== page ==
Traditional banks enhance digital feature amid digital banks launch

Competition is also driven by customers who demand high-level and exible nancial services which are easily accessible


MALAYSIA’S retail banking sector is now innovating a better digital feature amid future competition by digital banks.

A recent Backbase commissioned study, conducted by Forrester Consulting found that 64% of Malaysian retail banking decisionmakers said their company is increasing spending on digital and engagement financial wellness initiatives as the result of a digital banking licence by the central bank.

The highest figure shown is in the AsiaPacific region more than Singapore, Japan or Australia.

Backbase Regional VP in Asia Pacific Iman Ghodosi said the recent report revealed Malaysians have an insatiable appetite for digital offerings.

“67% of consumers surveyed said they used their institution’s existing mobile app, 87% believe an excellent mobile app is an attribute they value from financial services providers, and 82% conduct their day-to-day banking via their smartphone.”

He added that the retail banking sector in Malaysia is addressing this demand and ensuring banks can still compete in the digital space against the impending newcomers.

Correspondingly, business players interviewed in the survey said 90% of them are planning to or actively expanding their digital money management tools while 88% revealed they were planning to or actively expanding their financial wellness and digital money management tools, with almost half of them saying it was critical.

Ghodosi also believes that the next six months are a critical inflection point in the digital banking space.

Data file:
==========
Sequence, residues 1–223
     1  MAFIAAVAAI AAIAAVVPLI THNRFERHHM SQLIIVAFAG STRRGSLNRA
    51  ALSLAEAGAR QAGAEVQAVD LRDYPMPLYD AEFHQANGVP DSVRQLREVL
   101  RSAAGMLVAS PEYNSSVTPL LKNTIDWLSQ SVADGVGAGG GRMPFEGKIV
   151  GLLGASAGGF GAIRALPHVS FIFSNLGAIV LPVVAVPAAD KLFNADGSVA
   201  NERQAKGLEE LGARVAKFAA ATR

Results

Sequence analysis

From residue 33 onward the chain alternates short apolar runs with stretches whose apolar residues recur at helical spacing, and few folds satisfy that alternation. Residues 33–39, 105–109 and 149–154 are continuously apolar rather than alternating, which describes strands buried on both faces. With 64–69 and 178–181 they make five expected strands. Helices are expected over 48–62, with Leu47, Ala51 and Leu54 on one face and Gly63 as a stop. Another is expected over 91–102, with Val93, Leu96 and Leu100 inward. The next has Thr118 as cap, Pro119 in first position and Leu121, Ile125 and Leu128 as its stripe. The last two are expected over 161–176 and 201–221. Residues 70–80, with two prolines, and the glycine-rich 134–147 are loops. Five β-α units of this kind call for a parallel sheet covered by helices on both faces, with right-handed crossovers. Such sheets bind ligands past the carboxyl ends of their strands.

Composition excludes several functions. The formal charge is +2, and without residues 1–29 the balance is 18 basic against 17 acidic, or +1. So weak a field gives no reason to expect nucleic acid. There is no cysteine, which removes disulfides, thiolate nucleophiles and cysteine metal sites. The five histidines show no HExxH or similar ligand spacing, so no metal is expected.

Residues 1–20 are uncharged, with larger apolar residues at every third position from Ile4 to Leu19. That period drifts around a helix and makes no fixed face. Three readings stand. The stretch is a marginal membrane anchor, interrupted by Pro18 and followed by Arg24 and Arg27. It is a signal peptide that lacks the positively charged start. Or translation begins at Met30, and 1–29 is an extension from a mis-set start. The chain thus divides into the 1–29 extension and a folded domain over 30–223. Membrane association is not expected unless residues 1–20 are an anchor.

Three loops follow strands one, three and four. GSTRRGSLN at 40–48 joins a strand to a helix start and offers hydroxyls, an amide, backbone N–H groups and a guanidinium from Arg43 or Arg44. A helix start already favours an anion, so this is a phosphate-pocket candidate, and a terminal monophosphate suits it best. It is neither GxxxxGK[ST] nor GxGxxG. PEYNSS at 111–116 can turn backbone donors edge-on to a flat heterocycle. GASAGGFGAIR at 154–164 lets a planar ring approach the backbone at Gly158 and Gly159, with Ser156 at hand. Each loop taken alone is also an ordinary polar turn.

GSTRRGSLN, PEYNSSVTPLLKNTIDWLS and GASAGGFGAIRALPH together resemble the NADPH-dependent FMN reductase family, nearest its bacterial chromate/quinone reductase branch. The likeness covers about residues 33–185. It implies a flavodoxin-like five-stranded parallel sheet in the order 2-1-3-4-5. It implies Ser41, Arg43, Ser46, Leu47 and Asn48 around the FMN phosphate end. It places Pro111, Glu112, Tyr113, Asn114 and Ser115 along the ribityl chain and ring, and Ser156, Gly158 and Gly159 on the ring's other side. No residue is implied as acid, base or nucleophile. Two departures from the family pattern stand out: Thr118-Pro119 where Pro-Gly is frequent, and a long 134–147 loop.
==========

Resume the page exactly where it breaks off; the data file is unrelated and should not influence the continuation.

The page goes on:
“The urgency and focus behind this are clear — Malaysia has five of the hottest digital banks waiting to explode into the banking scene and take market share next year, and the traditional banks are worried,” he said.

Additionally, he highlighted that competition in the digital space is also driven by customers now demand high-level and flexible financial services which are easily accessible with the tools that can manage them that traditional banking is lacking.

“Now more than ever, it’s important to own the relationship with your customer. We’ve entered the Engagement Banking Era, an evolution that stresses a unified platform approach for banking. The No 1 priority in this new era is to completely re-architect the bank around the customer, moving away from siloed technology investments,” he added.

However, in adopting this digital shift, businesses especially in the Asia-Pacific region are facing various obstacles such as 74% said a lack of understanding of customer needs and outcomes is a barrier to their company implementing or further developing digital money management tools, 66% said outdated legacy technology challenges their plans while 64% said organisational silos make things difficult.

“Banking sectors in all countries face challenges, but it was surprising that Malaysia’s challenges were higher than average,” said Ghodosi.

Apart from that, there is also a lack of understanding at legacy institutions in Malaysia on who owns the budget for these types of initiatives.

Trust in traditional banks in Malaysia is far higher than digital banks and initiatives such as these will aim to increase their reputation.

“Through these new channels of customer interaction, banks can now meet needs they previously couldn’t, by leveraging data analytics, artificial intelligence and mobile technology to make financial recommendations and improve engagement for users.”

For example, 64% of retail banking business decision-makers interviewed noted that preventing exploitation of vulnerable and older customers was in their company’s plans when developing such digital tools.

Whereas 62% revealed they planned to assist customers to build better financial habits and 66% are going to offer financial literacy tools.

This is because additional features that these digital and engagement apps will offer include spending analysis, scheduling bill payments, advanced pay and income smoothing, automated savings and retirement planning tools.

“Banks can offer so much value through these engaging digital services, while at the same time collecting valuable data from users,” Ghodosi added.

“The competition is going to get fierce in Malaysia and that means the most important party, the consumer, will benefit long term. Time and market forces will tell which players will be the winners in the war for engagement in banking,” he concluded.